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Pint Glass Reflections

Posted on July 15, 2016 at 1:50 AM

These craft brew times, they are a’ changing; there’s no question about it. Nimble breweries keeping their ears to the ground while evolving with these times will thrive. Those who may have found some moderate success in the past yet refuse to alter their tried-and-true traditional models may find themselves stalling into a staunch space of irrelevance.

 

The biggest change in the scene that has resulted from the increase in local breweries is the excitement and pride expressed and displayed by the consumer of being tied to a particular community. Each new brewery that pops up offers the consumer a snapshot of a sense of place, an opportunity to support a locally homegrown business, and an increased sense of kinship. If anything, people's palates are being given a chance to hyper-localize. Why buy beer from the opposite coast when the local brewery brews with rice grown within the state or foraged blackberries a local farmer has dropped by? Why buy beer from 2000 miles away when one can support the local economy by purchasing a growler from a brewery down the street? Other changes include increased camaraderie between the local brewers in creating collaborative beers, sharing of ingredients, and in banding together to get favorable legislation passed. We're no longer anomalies existing in isolation as places to get a beer; we're creating trends, bringing people together, and banding together to serve causes and raise funds for local non-profits. We're full-blown contributors and economic drivers within the smaller neighborhoods, and it's extremely rewarding and exciting to feel truly woven into the fabric of the community as a whole. Many people would believe that increased numbers of breweries adds competition, and in a sense, it does. It forces us to continually put out better products, to keep quality as a top priority. Creating mediocre beer just won't cut it anymore if one wants to keep its doors open. That’s a good thing. At the same time, it forces us to have more insightful and honest conversations about ourselves and our future direction. The increase in local breweries is guiding us to evolve into a beacon for the populace, and we're grateful for that.

 

This influx of breweries over the past five years has also placed additional strain on the wholesalers in managing a larger portfolio of SKUs resulting from the new brands they have picked up. It has forced numerous wholesalers to implement more robust inventory management systems and communication protocol to keep the lines open between wholesaler and supplier. It has forced breweries to become more effective in providing the types of beer the wholesaler requests just-in-time at the peril of losing tap handles or shelf space. Breweries have been forced to look inwards to their own operational infrastructure and reporting systems to ensure they can supply, grow, and compete via sustainable cash management practices and pricing that fits their own respective business models. The challenge each brewery is now facing is discovering and exploiting their own differentiating factor in an authentic manner, whether through packaging, customer experience, the product itself, or through community partnerships. Think of how the northeastern United States has developed its own distinct hazy, juicy IPA style, how a brewery in the Pacific Northwest started its own space program, how a Colorado brewery has intertwined music with mountain biking, and how several breweries are transitioning to a structure that is entirely employee-owned. The call now comes to us in our own respective regions, and we need to ask ourselves what sort of mark will we leave on our own soils? How do we want the rest of the country to remember our breweries?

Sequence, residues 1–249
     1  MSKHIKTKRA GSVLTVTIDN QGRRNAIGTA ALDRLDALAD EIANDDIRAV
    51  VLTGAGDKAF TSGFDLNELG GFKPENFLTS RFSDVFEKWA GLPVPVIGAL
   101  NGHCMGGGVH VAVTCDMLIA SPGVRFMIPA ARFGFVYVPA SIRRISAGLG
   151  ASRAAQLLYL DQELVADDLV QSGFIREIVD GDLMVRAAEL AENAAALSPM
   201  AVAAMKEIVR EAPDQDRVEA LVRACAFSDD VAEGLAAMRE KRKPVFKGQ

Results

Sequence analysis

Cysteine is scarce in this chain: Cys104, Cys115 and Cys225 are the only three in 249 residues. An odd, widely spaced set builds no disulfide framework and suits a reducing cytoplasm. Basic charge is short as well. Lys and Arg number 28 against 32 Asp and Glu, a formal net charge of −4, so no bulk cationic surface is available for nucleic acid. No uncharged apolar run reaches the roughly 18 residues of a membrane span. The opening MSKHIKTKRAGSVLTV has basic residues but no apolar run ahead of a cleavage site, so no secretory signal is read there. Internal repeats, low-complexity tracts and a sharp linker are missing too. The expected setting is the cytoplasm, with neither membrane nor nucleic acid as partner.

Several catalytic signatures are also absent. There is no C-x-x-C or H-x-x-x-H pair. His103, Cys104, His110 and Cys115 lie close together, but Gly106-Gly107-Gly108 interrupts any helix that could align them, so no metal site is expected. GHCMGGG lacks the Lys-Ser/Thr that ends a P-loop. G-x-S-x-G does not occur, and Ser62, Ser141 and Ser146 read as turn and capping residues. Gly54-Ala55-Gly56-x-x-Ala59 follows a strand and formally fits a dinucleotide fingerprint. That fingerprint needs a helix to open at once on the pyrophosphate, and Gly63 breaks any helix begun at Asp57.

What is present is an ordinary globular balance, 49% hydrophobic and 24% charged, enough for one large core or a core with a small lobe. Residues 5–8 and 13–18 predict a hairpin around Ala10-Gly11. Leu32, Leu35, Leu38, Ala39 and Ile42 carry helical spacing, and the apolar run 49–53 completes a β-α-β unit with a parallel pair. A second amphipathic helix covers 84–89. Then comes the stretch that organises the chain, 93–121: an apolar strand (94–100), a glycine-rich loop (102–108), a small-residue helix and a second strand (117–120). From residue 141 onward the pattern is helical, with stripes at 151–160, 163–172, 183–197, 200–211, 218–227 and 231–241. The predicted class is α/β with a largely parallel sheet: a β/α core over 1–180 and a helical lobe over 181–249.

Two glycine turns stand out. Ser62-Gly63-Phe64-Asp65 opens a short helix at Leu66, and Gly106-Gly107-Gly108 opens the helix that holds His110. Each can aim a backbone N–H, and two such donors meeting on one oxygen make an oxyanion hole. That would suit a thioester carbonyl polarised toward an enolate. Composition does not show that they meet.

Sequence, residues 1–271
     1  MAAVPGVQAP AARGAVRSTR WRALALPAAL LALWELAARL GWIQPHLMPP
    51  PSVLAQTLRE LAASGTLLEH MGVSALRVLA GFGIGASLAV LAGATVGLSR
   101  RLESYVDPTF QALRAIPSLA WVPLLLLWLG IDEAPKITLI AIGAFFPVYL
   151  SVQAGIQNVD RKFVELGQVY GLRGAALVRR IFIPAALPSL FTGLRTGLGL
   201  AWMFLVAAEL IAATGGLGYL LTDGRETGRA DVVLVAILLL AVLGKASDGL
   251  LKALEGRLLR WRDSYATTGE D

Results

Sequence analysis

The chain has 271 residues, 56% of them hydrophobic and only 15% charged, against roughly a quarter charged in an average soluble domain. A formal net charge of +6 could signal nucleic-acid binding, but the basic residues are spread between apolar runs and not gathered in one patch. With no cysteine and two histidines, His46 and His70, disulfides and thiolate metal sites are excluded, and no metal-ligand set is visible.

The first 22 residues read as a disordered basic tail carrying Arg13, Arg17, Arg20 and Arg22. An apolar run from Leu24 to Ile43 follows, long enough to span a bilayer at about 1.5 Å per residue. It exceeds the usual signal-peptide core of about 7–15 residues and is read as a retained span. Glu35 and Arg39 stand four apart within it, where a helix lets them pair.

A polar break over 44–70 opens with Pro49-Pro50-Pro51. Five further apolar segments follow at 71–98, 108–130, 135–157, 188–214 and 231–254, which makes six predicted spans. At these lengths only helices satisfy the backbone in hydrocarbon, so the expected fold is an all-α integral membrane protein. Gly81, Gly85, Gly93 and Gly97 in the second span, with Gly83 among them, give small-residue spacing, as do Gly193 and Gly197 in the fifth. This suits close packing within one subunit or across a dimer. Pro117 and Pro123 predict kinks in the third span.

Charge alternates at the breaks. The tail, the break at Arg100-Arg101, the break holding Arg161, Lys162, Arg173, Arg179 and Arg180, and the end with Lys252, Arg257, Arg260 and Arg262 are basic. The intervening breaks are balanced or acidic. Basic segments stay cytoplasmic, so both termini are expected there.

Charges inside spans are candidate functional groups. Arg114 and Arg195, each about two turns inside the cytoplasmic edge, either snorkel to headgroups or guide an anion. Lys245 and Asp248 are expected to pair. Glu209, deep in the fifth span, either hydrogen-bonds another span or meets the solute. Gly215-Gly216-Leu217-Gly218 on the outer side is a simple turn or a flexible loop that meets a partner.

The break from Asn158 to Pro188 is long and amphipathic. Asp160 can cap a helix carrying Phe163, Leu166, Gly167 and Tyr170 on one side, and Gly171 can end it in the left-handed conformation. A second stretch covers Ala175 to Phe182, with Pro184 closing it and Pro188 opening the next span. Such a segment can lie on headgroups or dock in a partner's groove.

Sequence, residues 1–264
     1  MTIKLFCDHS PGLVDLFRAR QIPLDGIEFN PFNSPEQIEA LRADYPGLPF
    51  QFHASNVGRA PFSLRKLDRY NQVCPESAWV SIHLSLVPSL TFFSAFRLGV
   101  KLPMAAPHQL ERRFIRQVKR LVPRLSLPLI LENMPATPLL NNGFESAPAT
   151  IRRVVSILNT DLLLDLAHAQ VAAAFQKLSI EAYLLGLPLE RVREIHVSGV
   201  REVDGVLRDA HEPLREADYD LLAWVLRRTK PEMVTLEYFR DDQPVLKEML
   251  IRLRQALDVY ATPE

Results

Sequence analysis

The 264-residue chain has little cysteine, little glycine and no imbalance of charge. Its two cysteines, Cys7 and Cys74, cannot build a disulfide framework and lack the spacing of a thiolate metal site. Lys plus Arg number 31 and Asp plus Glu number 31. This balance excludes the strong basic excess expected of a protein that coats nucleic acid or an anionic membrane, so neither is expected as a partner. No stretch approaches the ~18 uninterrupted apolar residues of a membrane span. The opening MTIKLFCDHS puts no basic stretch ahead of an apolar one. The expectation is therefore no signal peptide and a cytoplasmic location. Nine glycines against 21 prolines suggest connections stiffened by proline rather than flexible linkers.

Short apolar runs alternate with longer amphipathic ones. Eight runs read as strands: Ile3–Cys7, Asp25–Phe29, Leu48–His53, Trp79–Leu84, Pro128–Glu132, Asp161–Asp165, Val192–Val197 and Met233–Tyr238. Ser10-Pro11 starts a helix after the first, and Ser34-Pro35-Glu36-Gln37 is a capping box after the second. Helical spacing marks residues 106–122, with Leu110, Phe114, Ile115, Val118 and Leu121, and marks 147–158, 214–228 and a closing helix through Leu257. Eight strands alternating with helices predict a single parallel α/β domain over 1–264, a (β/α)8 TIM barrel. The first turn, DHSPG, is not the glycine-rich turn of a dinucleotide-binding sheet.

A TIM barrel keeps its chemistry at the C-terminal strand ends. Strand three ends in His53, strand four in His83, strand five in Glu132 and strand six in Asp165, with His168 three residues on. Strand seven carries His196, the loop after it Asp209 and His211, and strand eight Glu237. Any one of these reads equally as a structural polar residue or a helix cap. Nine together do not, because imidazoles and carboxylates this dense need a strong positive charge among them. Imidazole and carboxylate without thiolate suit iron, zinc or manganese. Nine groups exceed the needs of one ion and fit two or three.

The craft beer industry as a whole is a celebration of independence and a testament to every individual who contributes in some shape or form to the craft beer movement. It is a reminder that we should always dream big though we may be small. We are the pioneers of change in the beer industry, and it is time for us to honor those who paved the way for us, as well as an opportunity to leave a legacy for others to follow. The craft beer movement embodies the quintessential essence of the independent American spirit, and I for one, am beyond excited to be a part of it. Let’s continue growing and evolving together.